In today’s world, there are several non-profit organization options out there for almost every charitable goal imaginable. With tool sets like Charity Navigator, BBB Wise Giving Alliance, and GreatNonprofits.org at their disposal, the average donator is much more discerning with who they give their money to. Keeping in mind that approximately 39% of (IT) projects fail, it is in the best interest of any non-profit organization to limit the possibility of project failure and ensure the people who provide funding maintain confidence in the organization’s ability to deliver on their promises.

Since poor project management process is one of the main reasons projects fail, it makes sense to invest in project management oversight to mitigate this issue before it derails your project and undermines the confidence of your donors and stakeholders.

#2 - Money does not grow on trees

Can’t Grow a Money Tree - Matt Harris - CC BY-NC

Closely related to #1, we have to remember that money is finite and this is especially true in the non-profit sector. For IT projects, the average cost overrun is 43% and a whopping 71% of projects come in over budget (est. waste in the US alone: $55 billion per year). PM processes help to mitigate these issues by a strong focus on Project Planning, managing scope creep, tracking and measuring progress, and keeping stakeholders engaged and informed throughout delivery. This ensures that *what* needs to get done is directly tied to *how* are we going to get there: PM oversight can help provide the tactical approach to achieve the NGO's strategic objectives.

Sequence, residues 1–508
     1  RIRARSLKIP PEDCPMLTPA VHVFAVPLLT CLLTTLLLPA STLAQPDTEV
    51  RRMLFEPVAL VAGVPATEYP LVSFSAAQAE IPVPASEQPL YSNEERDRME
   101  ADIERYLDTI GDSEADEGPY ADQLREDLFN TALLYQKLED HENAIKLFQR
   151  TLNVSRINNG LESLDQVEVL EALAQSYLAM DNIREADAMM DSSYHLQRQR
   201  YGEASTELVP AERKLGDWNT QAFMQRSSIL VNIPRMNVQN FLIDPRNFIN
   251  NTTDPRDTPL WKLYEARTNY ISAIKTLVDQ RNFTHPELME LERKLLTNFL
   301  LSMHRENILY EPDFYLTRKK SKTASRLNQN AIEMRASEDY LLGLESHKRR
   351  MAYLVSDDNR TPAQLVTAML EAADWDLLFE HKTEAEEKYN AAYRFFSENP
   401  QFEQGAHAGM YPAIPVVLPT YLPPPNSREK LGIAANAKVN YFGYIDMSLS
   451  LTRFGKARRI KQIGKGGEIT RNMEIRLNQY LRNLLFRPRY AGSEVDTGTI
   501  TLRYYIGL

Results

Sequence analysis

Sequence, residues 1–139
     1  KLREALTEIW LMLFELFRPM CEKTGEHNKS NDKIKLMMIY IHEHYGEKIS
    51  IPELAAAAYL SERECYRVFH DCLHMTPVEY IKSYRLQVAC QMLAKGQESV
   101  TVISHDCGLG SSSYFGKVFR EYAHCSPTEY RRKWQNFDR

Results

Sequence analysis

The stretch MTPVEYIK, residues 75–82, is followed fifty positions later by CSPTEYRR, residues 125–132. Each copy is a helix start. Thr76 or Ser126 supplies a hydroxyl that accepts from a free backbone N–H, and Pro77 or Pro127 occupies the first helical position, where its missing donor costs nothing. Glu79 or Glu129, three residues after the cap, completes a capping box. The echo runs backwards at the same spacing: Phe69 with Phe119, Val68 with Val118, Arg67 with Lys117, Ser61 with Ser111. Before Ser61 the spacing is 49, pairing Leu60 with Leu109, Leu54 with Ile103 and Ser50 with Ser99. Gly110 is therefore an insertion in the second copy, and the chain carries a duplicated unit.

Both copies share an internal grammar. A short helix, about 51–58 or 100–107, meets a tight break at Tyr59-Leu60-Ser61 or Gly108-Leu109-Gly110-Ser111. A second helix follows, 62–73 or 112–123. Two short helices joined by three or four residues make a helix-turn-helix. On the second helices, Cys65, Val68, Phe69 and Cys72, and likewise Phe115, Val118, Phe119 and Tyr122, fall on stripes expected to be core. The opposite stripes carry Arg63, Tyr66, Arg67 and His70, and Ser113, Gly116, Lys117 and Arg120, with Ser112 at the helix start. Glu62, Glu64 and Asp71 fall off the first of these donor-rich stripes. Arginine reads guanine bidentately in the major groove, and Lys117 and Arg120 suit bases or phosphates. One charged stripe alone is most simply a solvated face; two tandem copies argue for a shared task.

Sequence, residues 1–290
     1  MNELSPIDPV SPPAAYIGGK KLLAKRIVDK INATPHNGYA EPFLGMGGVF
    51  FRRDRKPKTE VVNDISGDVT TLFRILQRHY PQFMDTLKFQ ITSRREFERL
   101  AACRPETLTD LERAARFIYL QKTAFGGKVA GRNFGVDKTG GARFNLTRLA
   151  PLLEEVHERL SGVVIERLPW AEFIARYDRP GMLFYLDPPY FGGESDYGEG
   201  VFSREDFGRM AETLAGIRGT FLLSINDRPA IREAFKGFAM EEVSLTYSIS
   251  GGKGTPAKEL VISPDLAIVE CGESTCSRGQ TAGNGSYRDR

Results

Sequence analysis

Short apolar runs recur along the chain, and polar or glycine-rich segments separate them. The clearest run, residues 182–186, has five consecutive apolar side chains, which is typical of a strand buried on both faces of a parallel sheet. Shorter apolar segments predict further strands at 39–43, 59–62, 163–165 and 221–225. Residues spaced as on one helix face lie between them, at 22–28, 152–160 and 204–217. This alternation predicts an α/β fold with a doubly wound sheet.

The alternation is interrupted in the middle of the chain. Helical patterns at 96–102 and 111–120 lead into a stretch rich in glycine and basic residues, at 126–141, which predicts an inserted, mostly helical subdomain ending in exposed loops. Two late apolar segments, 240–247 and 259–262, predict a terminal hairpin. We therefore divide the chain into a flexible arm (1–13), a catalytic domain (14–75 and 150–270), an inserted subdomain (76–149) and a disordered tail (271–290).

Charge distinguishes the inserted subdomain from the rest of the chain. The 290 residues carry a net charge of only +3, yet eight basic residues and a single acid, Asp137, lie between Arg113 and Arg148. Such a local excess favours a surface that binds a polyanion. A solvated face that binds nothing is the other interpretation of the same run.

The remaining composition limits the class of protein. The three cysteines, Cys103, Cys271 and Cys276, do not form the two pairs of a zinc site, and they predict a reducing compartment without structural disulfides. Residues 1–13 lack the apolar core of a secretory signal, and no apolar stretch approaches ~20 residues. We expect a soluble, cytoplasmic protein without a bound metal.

#3 - Haste Makes Waste

According to a KPMG Global survey, short-term projects (<1 year) are more likely to fail than those of longer durations. While one’s intuition might be that a short-term project is easy and should not be additionally burdened with administrative and management overhead (or costs!); it is these projects that are at most risk. When we rush projects or skimp on delivery methodology, we increase the risk of failure. Projects - especially shorter ones - benefit from good planning, well-defined requirements, schedule management, and cost control. In the non-profit world, there is little margin for waste: especially if you are to remain appealing to your donor base. From this perspective, Project Management oversight is a smart investment.

While Project Management is perceived as a lot of forms, paperwork, and administrative burden, in reality, it can provide invaluable returns for an NGO (Non-Profit Organization). By increasing the chance that a project delivers on-time, on-budget, and actually meets the needs and expectations of the organization's stakeholders, this oversight can help ensure a steady donor stream, maintain public confidence, and support continued commitment to an Organization’s strategic objectives and goals.

What other benefits have you noticed (as a PM or as an NGO) Project Management provides to the Non-Profit sector? What kinds of challenges does one face in the Non-Profit world that you would never see in private or public sector industries? Chime in the comments section below!

Posted by Tony Van Krieken on: August 18, 2016 03:29 PM | Permalink | Comments (2)